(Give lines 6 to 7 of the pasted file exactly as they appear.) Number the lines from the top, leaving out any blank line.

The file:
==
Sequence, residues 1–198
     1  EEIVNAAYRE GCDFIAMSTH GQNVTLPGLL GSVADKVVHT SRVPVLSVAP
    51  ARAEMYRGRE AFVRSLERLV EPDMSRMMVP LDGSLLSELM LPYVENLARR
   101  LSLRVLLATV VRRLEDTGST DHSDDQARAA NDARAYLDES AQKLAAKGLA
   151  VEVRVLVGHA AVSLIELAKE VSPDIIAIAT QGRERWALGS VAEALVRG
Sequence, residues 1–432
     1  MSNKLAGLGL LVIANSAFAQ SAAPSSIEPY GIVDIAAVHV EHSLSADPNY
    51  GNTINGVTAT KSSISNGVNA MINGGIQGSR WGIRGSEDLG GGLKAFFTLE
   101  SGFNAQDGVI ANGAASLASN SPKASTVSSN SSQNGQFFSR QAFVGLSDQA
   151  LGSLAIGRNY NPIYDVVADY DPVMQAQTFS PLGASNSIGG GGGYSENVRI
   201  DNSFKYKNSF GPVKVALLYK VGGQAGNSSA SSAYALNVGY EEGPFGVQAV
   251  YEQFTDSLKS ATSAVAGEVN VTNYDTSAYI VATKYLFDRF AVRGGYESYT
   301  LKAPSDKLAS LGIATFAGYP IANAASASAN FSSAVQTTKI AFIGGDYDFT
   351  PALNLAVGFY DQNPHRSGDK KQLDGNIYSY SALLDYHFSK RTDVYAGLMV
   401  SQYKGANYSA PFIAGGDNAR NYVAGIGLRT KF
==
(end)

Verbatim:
Sequence, residues 1–432
     1  MSNKLAGLGL LVIANSAFAQ SAAPSSIEPY GIVDIAAVHV EHSLSADPNY